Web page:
28 January 2005 by Published in: entertainment 1 comment

I can’t give this book the ringing endorsement given to it by Neil Gaiman, though that endorsement did cause me to read the thing. M. John Harrison’s Light is not my favorite SF book of the last decade (though I’d be hard pressed to say exactly which book was). There were parts of it I didn’t even like. Even so, I can’t deny that it is a remarkable book nonetheless. It’s a smart book and it’s a bright book and it’s a sleek book and if you love science for science’s sake and have any interest at all in probability and quantum physics I would recommend this book to you very highly. And yet, and yet…despite its elegance and intelligence and subject matter it lacked a certain warmth.

As a piece, it worked together beautifully. I particularly liked the daring of Harrison’s non-linear ordering of events. It was critical that this tale be told in the fragmentary way that it was, but that doesn’t mean it was an easy thing to do. I was very satisfied with the ending. In fact, I was so satisfied with the ending that I liked the book much better after I’d finished it than while I was reading it. I’m beginning to acquire a new respect for books that end properly.

My biggest problem with the book was probably that there was a dearth of sympathetic characters. Serial killers, anorexics, deranged magicians, and all sorts of unpleasant folks populate the story. And I never quite got the trick of liking any of them, even though I felt as though Harrison wanted me to. It’s as though his universe is unable to hold together if there’s any decent people in it, and you can forget any semblance of an act of kindness. There’s a couple of cats that aren’t terrible – merely catlike and indifferent – but that’s about it. No one you can really like shows up until the book is over halfway finished, and the one who does is a minor character, an exception to prove the rule that everyone’s a jerk. He also trots out some tired childhood traumas to explain people’s bizarre behaviors (*spoiler* can we please have a moratorium on sex abuse of children as the pivotal point of character development, already?).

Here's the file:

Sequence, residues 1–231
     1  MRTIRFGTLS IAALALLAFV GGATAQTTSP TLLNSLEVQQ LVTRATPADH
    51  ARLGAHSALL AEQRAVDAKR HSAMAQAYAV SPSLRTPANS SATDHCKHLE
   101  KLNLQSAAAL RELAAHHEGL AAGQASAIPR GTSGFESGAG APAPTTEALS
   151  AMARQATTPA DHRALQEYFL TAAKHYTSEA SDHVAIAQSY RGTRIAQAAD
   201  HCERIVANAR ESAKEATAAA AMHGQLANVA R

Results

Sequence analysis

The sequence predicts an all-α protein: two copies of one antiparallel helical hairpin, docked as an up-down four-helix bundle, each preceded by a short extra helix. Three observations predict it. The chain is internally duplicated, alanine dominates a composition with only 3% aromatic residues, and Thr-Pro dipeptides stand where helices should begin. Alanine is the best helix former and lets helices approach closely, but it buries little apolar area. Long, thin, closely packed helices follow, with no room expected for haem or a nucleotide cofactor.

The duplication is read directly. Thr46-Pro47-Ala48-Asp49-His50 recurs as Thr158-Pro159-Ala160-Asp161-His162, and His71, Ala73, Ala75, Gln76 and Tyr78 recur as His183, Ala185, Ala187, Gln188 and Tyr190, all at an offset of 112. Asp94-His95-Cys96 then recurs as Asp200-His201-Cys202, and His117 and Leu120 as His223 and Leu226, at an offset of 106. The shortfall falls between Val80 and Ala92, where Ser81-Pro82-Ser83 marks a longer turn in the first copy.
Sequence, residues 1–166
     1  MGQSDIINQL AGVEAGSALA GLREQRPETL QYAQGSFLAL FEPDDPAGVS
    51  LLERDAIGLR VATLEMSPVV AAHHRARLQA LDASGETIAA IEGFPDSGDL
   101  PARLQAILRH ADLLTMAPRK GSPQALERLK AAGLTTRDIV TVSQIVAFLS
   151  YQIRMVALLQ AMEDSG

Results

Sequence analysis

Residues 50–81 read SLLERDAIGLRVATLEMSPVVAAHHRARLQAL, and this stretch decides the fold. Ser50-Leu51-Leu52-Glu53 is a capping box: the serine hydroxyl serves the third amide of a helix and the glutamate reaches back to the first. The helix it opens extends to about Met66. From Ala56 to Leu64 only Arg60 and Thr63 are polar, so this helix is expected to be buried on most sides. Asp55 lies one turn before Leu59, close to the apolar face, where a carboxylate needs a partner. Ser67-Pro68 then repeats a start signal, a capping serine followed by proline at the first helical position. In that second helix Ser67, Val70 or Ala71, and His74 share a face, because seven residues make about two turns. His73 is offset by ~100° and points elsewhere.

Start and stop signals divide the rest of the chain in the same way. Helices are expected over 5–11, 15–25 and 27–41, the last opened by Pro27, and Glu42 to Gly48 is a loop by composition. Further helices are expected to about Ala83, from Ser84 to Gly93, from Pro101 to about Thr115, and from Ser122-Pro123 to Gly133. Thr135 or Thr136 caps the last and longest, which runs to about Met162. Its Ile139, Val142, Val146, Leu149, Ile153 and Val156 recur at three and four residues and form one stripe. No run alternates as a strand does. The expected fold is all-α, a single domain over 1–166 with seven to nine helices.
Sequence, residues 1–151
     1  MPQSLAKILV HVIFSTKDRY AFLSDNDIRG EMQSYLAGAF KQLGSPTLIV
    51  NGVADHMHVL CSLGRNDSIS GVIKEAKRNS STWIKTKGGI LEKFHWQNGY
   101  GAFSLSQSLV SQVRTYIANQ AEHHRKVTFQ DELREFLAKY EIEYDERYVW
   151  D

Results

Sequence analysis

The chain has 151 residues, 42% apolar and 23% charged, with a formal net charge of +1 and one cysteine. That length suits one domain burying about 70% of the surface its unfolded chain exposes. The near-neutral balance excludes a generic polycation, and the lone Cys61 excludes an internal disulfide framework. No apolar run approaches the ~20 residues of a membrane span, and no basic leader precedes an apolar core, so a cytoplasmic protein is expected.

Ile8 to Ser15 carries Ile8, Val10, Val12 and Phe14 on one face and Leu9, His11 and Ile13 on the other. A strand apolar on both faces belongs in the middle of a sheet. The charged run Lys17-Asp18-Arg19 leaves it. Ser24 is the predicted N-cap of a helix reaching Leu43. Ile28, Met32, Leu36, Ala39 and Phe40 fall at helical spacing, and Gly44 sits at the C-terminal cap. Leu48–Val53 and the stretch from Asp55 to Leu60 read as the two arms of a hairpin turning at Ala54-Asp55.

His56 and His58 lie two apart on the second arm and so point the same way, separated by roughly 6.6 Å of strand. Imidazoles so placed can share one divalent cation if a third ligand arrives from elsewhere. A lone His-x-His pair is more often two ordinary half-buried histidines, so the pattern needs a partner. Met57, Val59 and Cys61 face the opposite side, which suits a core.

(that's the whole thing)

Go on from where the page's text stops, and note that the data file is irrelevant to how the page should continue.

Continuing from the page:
I won’t say it wasn’t worth reading. I will say, however, that I’m taking all future Gaiman endorsements with a bigger grain of salt. Though I’m still gonna read Susanna Clarke’s Jonathan Strange & Mr. Norrel when I get a chance, about which he says “…in my probably biased but not entirely uninformed opinion, [it] is the best English fantasy novel written in the last seventy years: over 800 pages, and when it ends you’re just sad there aren’t another 800…”.


Mon 31st Jan 2005 at 9:18 am

I added "Light" to my to-read list too, but had trouble finding it for sale online. I assumed it was out of print. Did you get it used? I’m reading and really enjoying JS&MN, though it was slow at the very beginning. I definitely recommend it.

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